Maximize tax advantages for closely held businesses

N ow may be the perfect time to take advantage of the many new tax laws and changing tax regulations for closely held businesses.

Congress and the president finally got together on an extension of most of the Bush tax cuts and threw in some small business goodies as well. This article highlights possible tax advantages for closely held businesses and their owners – and some potential adverse tax laws to be aware of.

2012 tax considerations

2012 was a politically contentious year, to say the least. From that contention, however, an agreement was finally reached on a partial extension of the Bush tax cuts (The American Taxpayer Relief Act of 2012). The results: for 2013 and beyond, rates generally remain the same as in 2012 for taxpayers with taxable income under $450,000. There was further good news for 2012 available for closely held businesses to help offset some of the bad news coming down the road (such as the Obamacare taxes).

First the good news and some planning opportunities that are available as you prepare to file your 2012 tax return:


  • Small businesses are allowed an increased deduction for fixed assets purchased in 2012. This includes two provisions: (1) the direct write-off of new or used purchased assets up to $500,000 (known as Section 179 expense), and (2) the 50% bonus depreciation provisions available for new asset purchases only.



  • Consider funding an HSA high deductible health insurance plan that allows for HSA contributions. The advantage – health care expenses can be deducted pre-tax. An HSA is now much better than a Flexible Spending Arrangement (or FSA) account; because the FSA contributions are now limited to only $2,500 per year and must be used by calendar year end or will be lost. The 2012 funding limits are $3,100 – $7,250 depending on your age and policy coverage. HSA accounts do not have to be used. Instead the balance carries over year to year.



  • Consider if you are using the correct method of accounting (accrual, cash, etc) to compute your taxable income.



  • If your business has minimal or only “family” employees, consider creating a simplified employee pension fund in 2012 which would permit you to fund up to 25% of wages/owner self employment income directly into a retirement plan.



  • In the event you have an operating loss, be careful to determine if you are entitled to the loss deduction. Watch for tax credits. Credits are available to offset tax liability dollar for dollar. The most popular and sometimes overlooked credits: Work opportunity tax credit; research and experimental tax credit; credit for off road use of fuel; tip credit (for restaurants); new retirement plan tax credits; energy credits; military employee tax credit; Wisconsin State jobs credits; AMT tax credits; small employee health insurance tax credit.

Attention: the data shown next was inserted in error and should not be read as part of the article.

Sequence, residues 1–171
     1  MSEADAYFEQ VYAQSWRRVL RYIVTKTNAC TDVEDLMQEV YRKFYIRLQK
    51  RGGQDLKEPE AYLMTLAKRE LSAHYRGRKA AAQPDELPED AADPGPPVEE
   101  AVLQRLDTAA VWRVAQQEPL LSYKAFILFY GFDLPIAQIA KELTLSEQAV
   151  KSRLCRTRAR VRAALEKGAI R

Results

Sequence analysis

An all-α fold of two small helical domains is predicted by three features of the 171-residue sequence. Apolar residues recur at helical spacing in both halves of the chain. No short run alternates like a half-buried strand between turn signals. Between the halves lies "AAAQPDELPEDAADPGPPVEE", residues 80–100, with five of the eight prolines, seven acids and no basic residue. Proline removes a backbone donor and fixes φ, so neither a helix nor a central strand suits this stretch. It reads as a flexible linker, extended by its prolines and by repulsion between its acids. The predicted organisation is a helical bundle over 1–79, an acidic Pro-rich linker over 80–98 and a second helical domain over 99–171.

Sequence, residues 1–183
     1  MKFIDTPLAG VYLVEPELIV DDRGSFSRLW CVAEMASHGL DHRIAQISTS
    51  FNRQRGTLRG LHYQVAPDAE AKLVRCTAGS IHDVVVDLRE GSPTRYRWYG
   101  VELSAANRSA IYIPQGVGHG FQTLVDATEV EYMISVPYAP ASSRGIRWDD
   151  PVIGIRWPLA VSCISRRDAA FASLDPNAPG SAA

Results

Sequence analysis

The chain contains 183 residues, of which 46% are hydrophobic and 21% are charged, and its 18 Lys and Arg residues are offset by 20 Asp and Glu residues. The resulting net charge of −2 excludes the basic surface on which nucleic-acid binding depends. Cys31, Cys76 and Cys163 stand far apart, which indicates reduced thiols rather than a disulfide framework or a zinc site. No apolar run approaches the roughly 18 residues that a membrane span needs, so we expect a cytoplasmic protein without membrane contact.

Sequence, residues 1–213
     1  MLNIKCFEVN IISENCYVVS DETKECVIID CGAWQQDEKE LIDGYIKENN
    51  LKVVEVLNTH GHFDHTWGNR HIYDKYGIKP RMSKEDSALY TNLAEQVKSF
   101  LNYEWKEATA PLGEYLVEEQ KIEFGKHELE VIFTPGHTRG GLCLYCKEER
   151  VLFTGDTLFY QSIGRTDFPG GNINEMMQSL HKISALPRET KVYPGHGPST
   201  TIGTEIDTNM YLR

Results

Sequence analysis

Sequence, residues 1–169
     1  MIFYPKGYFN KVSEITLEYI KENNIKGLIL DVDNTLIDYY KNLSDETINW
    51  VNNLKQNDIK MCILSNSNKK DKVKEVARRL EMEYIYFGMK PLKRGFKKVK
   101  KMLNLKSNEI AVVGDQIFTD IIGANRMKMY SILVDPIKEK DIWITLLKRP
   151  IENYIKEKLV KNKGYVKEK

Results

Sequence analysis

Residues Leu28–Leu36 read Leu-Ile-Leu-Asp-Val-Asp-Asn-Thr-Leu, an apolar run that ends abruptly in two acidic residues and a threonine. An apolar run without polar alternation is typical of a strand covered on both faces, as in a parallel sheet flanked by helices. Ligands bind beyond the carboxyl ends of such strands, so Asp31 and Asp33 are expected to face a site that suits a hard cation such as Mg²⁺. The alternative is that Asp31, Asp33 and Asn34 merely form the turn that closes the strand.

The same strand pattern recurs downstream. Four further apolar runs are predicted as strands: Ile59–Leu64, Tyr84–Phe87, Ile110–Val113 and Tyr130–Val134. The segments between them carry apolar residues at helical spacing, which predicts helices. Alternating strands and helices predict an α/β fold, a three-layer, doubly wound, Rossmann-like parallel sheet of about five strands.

• Home office expenses – for self-employed individuals operating their business out of a home: consider the available deductions with respect to the portion of your home used for a business office, such as depreciation, utilities, interest, and taxes. Note that these deductions also reduce self employment tax!


Planning for 2013


  • Entity Choice (often overlooked): Is your business currently a sole proprietorship or a Limited Liability Corporation (LLC)? Have you considered the potential tax benefits of an S Corporation? While wholly owned LLCs have become more fashionable, an S Corporation still provides the opportunity to save on self-employment taxes. Careful planning is required to use an S Corporation, to make sure a reasonable owner wage is set; and all appropriate payroll tax forms are prepared



  • For businesses that have no employees:



  • Consider a solo 401(k) plan to maximize the owner deduction into a retirement plan



  • If your business only has “family” employees, consider employing your spouse, and offering your spouse a medical reimbursement plan that covers the whole family



  • Consider employing your children, you may receive lucrative tax benefits as a result.



  • Watch for the Obamacare taxes: For those making over $250,000, there are two new taxes this year: an additional 3.8 percent income tax on investment income and an additional 0.9 percent tax on earned income. Careful planning is required to minimize the effect of these taxes. Entity choice becomes even more important, and owner occupied real estate becomes a trap for the unwary! If you are in this situation – a trip to your tax adviser is in order.



  • The health insurance mandate starts in 2014 – but the measurement period to determine which businesses are actually subject to the mandate is in 2013. The key is 50 employees – does your business have more or less? And are you close? Businesses with over 50 employees could be subject to a host of additional penalties (or taxes, according to the Supreme Court) in 2014. If you own multiple companies, be careful, you may be subject to the mandate even if each of the companies separately has less than 50 employees.


So there you have it, a compelling selection of possible 2012 and 2013 tax opportunities and traps for closely held businesses. n

Eric Trost, CPA, MST, is the leader of the SVA tax department. Joel Nettesheim, CPA, PFS, is one of the leaders of the SVA business advisory services group.

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